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sexta, 10 agosto 2018 13:15

KAZA TFCA Secretariat Host a workshop

Permanent Secretary in the Ministry of Environment, Natural Resources Conservation and Tourism, Mr. Thato Raphaka officially opening the workshop. Permanent Secretary in the Ministry of Environment, Natural Resources Conservation and Tourism, Mr. Thato Raphaka officially opening the workshop.

KAZA TFCA Secretariat in collaboration with WWF Namibia office recently hosted a workshop, from 7 to 9 August 2018 in Kasane, Botswana, to develop a strategic planning framework for the conservation and management of elephants in the KAZA TFCA.

The workshop drew participants from the Wildlife Authorities from the KAZA TFCA Partner Countries together with elephant conservation and management specialists, the IUCN African Elephant Specialist Group (AfESG) and other technical resource persons.  

Officially opening the workshop, Botswana’s Permanent Secretary in the Ministry of Environment, Natural Resources Conservation and Tourism, Mr. Thato Raphaka noted that “… the five partner states have a major responsibility on behalf of elephant conservation and society at large to ensure the present and future wellbeing of these populations”. He called for the assessment of existing legal and policy frameworks and strategies to ensure that they are aligned to the conservation of the elephant as a flagship species for the KAZA TFCA.

Of critical importance, and a regional priority is for Partner States and all affected stakeholders to determine how best to facilitate transboundary movement of elephants.  The Permanent Secretary reminded the participants of the major constraints to the long-term management of KAZA’s elephants which include:

  • differing approaches to the management of elephants and other shared resources;
  • insufficient community empowerment and limited benefits from wildlife;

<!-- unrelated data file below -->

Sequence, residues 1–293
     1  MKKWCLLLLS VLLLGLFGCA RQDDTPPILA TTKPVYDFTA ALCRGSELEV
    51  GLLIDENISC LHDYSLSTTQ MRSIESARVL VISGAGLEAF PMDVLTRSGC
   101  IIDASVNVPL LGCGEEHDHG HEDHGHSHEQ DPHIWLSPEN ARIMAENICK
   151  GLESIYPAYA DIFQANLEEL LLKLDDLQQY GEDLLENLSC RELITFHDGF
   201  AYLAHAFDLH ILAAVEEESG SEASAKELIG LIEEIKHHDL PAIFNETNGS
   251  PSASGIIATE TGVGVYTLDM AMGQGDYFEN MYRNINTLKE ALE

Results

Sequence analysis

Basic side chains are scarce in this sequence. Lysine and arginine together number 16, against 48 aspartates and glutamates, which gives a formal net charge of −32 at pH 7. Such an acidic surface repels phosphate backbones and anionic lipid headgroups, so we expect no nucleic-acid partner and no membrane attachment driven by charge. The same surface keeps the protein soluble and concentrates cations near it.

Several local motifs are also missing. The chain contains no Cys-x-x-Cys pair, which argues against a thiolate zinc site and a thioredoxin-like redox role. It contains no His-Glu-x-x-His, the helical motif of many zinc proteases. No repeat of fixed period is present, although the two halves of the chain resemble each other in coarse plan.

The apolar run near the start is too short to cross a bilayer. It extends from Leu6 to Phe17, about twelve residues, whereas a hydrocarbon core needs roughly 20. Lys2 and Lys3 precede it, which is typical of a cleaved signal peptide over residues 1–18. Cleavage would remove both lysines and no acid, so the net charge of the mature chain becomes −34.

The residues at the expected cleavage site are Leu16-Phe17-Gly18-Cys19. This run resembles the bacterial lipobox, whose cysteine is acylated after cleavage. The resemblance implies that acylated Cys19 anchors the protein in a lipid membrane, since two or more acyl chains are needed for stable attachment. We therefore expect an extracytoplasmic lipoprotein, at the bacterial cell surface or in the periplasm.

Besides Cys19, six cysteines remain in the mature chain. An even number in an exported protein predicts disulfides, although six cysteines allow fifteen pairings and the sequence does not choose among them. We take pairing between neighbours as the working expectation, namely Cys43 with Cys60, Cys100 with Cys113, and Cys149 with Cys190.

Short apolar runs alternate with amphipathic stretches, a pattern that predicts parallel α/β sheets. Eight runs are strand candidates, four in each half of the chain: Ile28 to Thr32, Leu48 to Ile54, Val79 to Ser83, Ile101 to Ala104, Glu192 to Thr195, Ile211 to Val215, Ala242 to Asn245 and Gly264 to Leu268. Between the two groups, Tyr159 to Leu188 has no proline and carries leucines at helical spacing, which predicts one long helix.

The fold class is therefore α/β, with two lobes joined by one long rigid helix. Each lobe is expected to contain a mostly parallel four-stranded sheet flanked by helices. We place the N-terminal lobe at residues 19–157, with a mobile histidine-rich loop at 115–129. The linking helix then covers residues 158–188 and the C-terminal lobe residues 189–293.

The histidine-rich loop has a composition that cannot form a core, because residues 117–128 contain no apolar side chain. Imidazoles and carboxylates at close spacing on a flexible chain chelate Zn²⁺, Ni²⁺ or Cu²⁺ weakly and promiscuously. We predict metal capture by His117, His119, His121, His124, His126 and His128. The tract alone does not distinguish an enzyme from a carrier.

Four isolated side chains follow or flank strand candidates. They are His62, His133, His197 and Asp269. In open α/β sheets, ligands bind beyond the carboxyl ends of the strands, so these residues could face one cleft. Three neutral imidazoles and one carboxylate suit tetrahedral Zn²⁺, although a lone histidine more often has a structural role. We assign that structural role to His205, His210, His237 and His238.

• inadequate transboundary capacity and coordination for combatting poaching and illegal wildlife trade;
  • insufficient monitoring and adaptive management systems;
  • lack of knowledge of ongoing and upcoming changes in elephant habitat; and
  • critical gaps in coordinated transboundary elephant conservation.

Mr. Raphaka further emphasized that any reporting of information from research on elephants must be disseminated in a responsible manner, stressing: “we have to be scientifically and politically sensitive to issues around elephant management. We also need to be sensitive to people issues around the KAZA areas.”

The anticipated outcomes of the workshop were to: 1) create and increase the awareness of senior wildlife officials regarding the present status of elephants in KAZA, and the current and future likely threats and their drivers facing elephants; 2)  understand consequent of future policy implications and need for a decision-making process within a structured strategic planning framework for elephant conservation; 3) recognize the need for a robust baseline for elephant abundance and distribution across the KAZA landscape, and factors influencing these; 4) recognize the need for an improved and greater cross-sectoral understanding of infrastructural, agricultural, water and rural development planning processes that are likely to impact upon elephant conservation across the KAZA landscape; and 5) develop a future vision for KAZA elephants with associated strategic objectives and a set of prioritized short to medium term actions as part of the strategic planning framework.

Key outputs of the three days’ workshop included drafts of the following: Vision statement; Strategic objectives; and shot term and medium-term actions. Participants developed a work plan with clear timelines and allocation of responsibilities for the finalization of the planning framework in consultation with the Partner States. The framework will be a very useful resource mobilization by the five Partner States either as a collective or at a national level. It is also expected to serve as a tool for reinforcing already ongoing collaboration and coordination of effort among the Partner States.  

In closing the workshop on behalf of the host country, Mr. Tim Blackbeard, Regional Wildlife Officer, Ngamiland, underscored the importance of regional collaboration in the management of the shared elephant population and encouraged the KAZA TFCA Secretariat to ensure that it plays its role in the facilitation of implementation of the framework. He expressed his gratitude of the attendance by all, commended the organizers and the workshop facilitation team, and recognized the financial support which was provided by WWF, Namibia Office.

Additional Info

  • Event Start: segunda, 01 janeiro 2018
  • Event End: terça, 01 janeiro 2019
  • Location: Kasane, Botswana
  • Time: 08:00